Soto, Gary. The Afterlife. New York: Harcourt, 2003.
When 17-year-old Chuy is unceremoniously stabbed in a club after complimenting another teen’s yellow shoes, he thinks that his life is over, but, in reality, his life is just beginning. As he floats around his hometown of Fresno, California, he begins to put the pieces of his random murder together, but there is nothing he can do with the information he discovered. Through his death, Chuy discovers that his family and friends truly did love and care for him as well as true love with Crystal, a young woman who has committed suicide. Together, Chuy and Crystal come to terms with their deaths and move on to the afterlife.
While most authors do not kill their characters off within the first few pages of a novel, Soto captures the reader’s attention by describing the random hate crime in vivid detail through Chuy’s eyes. Some events in the book are left unresolved, such as the issue of Chuy’s murder; the reader never discovers if his murdered was punished. However, as the novel progresses, Chuy’s murder becomes less important as his quest for self-understanding and self-acceptance is brought to the forefront.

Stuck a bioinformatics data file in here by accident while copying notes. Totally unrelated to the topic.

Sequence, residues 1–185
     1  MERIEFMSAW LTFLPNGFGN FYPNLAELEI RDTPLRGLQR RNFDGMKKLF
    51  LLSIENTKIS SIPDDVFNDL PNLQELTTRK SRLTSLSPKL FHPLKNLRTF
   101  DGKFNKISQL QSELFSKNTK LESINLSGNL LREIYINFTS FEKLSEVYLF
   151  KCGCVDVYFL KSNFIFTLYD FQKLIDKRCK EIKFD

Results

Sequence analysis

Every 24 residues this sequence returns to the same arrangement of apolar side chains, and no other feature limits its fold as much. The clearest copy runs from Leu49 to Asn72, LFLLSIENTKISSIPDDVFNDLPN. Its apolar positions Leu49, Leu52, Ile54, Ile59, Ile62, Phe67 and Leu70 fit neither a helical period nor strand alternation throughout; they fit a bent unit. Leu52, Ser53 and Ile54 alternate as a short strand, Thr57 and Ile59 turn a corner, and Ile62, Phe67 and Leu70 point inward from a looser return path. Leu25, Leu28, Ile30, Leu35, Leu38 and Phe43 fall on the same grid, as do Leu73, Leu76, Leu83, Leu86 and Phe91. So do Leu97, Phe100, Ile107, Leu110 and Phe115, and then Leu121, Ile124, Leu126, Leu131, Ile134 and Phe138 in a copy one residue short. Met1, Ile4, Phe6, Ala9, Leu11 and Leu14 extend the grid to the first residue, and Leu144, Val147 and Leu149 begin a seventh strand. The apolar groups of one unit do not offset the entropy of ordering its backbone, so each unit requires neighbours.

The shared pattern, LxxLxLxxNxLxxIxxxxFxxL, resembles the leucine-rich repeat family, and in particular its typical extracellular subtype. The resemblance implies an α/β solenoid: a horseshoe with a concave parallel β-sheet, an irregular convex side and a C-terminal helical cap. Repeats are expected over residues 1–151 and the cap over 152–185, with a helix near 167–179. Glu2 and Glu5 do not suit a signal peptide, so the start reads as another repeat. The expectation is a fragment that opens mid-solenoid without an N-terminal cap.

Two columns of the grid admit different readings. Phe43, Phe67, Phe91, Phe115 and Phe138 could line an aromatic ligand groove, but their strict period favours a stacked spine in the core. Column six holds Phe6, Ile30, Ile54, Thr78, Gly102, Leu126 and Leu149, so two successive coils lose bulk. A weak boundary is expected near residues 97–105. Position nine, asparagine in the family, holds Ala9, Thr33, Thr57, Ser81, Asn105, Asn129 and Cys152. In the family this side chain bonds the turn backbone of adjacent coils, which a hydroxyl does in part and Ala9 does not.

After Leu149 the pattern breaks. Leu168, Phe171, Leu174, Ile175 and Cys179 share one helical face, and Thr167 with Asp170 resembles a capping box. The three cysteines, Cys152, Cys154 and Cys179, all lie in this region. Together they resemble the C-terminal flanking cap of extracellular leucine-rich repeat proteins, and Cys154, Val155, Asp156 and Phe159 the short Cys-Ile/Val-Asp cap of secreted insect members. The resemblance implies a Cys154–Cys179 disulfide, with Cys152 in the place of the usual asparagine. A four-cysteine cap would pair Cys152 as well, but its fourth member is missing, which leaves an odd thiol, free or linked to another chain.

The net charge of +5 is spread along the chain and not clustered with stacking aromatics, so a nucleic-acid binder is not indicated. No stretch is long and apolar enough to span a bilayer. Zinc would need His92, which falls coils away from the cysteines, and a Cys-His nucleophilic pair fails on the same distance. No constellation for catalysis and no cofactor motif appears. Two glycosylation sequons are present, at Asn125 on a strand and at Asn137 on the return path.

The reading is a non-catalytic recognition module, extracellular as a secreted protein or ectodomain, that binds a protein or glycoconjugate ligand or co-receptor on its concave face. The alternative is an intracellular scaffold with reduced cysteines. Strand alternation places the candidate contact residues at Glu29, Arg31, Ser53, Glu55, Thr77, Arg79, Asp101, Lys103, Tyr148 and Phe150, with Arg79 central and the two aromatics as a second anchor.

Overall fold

Because Chuy and his friends and family members are Hispanic, the book is riddled with Spanish words and phrases; if the reader is unable to discern their meaning via context clues, he or she can turn to the glossary in the back of the book. Even though The Afterlife is rather dark in nature, Soto does his best to keep the book lighthearted, infusing it with frequent instances of humor; for example, when Chuy first becomes a ghost, he finds himself caught in the wind, causing him to end up in many comical situations.
The cover of The Afterlife features a Hispanic teen sprawled on a tile floor surrounded by a puddle of blood. This enticing cover art is sure to attract a lot of teen readers who wish to discover how this boy came to be lying on the floor.